Father of slain 3-year-old girl upset at Gaston County DSS

GASTON COUNTY, N.C. — The biological father of 3-year-old Jordyn Dumont said the Gaston County Department of Social Services is at least partly to blame for his daughter's death.

Joshua Kinnett said he called DSS three months ago asking them to check on his daughter Jordyn because he lives out of town and was concerned about her well-being.

“It just makes me angry," Kinnett said.

The father showed Channel 9's Ken Lemon a letter from Gaston County that says a social worker found "stable housing" and "good family support" at Jordyn's home.

However, multiple neighbors told investigative reporter Paul Boyd yesterday that Jordyn lived in a violent and abusive environment.

Police confirmed they've been called to the family house 49 times over the past three years.

The letter from DSS said the case was closed May 20.

Less than 12 weeks later, police said the girl was killed by her mother's boyfriend.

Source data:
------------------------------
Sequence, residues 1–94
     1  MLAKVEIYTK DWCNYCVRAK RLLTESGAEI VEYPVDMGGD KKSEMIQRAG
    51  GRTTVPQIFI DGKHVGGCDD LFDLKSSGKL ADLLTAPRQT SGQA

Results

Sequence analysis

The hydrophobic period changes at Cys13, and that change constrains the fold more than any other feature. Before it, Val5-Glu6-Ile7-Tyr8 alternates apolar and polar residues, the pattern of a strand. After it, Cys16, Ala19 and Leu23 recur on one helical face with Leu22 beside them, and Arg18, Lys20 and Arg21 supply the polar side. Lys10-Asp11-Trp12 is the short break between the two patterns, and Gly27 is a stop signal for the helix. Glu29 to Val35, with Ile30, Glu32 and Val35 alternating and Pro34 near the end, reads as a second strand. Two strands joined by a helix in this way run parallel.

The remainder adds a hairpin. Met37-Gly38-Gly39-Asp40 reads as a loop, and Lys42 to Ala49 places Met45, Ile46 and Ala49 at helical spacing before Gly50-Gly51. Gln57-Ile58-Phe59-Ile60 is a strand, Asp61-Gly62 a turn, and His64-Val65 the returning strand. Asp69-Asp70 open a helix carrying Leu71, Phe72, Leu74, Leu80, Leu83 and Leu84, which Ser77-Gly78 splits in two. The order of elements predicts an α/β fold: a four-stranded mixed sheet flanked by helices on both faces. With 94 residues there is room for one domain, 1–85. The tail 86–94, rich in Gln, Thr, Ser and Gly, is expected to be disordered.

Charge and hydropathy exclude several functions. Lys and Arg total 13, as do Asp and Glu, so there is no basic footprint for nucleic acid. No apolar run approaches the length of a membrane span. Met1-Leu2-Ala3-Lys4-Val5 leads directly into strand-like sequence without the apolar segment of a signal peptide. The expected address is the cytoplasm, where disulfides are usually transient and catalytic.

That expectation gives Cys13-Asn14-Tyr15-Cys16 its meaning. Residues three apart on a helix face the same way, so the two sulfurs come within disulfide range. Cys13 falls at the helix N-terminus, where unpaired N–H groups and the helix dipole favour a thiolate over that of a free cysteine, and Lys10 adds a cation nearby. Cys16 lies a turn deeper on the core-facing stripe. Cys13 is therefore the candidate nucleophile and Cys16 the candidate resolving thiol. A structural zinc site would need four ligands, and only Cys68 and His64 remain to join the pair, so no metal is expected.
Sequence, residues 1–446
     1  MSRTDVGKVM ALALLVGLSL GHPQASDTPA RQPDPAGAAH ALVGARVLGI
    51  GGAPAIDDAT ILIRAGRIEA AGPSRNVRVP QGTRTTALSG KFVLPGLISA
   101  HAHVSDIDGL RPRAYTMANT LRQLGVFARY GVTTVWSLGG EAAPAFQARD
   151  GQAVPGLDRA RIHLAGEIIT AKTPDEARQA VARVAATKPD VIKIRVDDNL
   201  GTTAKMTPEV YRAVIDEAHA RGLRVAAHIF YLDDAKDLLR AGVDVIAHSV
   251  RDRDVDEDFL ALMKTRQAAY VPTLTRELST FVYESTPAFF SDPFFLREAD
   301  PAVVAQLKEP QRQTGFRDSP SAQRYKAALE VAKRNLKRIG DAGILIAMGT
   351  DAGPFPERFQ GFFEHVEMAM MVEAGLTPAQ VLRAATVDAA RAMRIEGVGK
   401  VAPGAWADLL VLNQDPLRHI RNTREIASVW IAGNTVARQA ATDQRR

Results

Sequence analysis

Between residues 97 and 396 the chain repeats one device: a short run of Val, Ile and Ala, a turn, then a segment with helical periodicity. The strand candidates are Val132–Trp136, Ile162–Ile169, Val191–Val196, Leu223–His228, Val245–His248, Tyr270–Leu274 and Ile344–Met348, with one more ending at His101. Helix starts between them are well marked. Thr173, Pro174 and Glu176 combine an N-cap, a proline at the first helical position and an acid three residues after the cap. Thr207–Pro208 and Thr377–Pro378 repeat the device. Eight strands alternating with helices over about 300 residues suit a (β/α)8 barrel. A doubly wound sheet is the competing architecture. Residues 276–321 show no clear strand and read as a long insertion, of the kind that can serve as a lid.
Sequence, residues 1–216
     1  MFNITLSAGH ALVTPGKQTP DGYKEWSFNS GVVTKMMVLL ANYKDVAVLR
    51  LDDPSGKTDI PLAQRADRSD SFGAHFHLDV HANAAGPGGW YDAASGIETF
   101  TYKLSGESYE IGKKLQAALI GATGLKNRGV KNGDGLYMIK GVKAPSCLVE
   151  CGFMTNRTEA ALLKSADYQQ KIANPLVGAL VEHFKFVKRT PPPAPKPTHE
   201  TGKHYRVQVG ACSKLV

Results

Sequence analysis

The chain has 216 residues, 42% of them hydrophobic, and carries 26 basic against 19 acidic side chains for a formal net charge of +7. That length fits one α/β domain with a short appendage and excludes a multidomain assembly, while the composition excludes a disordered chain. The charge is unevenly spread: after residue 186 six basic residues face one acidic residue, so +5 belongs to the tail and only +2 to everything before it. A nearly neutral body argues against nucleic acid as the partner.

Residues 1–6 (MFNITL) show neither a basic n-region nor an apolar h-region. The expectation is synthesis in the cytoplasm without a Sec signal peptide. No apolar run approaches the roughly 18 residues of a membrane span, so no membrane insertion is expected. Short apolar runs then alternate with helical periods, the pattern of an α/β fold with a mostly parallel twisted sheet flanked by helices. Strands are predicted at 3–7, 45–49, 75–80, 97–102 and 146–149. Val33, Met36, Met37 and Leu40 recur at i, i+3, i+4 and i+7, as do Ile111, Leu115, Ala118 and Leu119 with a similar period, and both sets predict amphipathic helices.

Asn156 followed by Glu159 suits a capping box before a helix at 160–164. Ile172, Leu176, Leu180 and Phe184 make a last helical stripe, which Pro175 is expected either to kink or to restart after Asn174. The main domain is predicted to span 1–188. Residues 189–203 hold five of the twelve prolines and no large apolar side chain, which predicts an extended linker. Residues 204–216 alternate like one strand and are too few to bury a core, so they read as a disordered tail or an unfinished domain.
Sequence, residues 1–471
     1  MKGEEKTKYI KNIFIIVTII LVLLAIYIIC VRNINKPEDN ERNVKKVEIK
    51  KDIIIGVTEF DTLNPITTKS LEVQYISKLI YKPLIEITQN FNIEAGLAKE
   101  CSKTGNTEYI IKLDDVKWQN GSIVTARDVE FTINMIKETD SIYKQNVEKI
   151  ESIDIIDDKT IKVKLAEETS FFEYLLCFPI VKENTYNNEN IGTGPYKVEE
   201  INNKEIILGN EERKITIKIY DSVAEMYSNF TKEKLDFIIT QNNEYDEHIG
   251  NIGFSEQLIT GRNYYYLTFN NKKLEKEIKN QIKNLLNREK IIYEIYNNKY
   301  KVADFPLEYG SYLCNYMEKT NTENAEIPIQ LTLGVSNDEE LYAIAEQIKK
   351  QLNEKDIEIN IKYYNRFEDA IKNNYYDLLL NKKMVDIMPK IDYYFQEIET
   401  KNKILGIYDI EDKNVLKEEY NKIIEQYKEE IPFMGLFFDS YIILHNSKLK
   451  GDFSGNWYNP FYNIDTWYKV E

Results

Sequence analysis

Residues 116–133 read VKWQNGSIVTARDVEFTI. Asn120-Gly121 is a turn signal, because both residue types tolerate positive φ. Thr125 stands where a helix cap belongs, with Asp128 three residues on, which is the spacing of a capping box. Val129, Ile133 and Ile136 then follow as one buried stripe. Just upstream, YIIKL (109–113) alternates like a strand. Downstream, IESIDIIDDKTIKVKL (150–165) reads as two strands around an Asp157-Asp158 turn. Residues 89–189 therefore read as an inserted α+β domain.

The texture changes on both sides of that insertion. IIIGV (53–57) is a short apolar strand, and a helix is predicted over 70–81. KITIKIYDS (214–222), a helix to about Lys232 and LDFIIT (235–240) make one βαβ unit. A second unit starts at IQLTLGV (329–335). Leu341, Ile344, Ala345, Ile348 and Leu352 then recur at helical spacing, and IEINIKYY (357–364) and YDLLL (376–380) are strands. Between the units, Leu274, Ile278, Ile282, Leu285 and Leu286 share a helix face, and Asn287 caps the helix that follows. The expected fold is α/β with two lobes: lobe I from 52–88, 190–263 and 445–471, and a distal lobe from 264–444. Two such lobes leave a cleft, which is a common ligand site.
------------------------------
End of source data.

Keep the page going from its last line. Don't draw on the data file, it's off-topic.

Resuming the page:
"They either turned a blind eye or they just didn't see it," Kinnett said.

An official with Gaston County said she couldn't comment on specific case details.

"We'd like to remind everyone that we are part of this community, are heartbroken by this loss and continue to do everything we can to protect local children," spokeswoman Brittain Kenney said.

The agency has been publicly criticized numerous times in recent years.

In 2013, Channel 9 interviewed a former Gaston County social services worker who said that supervisors forced her to "close cases early."

Sec. Rick Brajer is in charge of North Carolina's Department of Health and Human Services.

Channel 9 reached out to his office multiple times on Wednesday and specifically asked if there would be a state level task force assigned to investigate the slaying of Dumont.

Brajer staff did not respond.

A Gaston County official said late Wednesday that it was likely that North Carolina's Child Fatality Task Force will review this case.

That official also pointed out that reporting child abuse is mandatory for every person or institution in North Carolina, not just for law enforcement or other officials.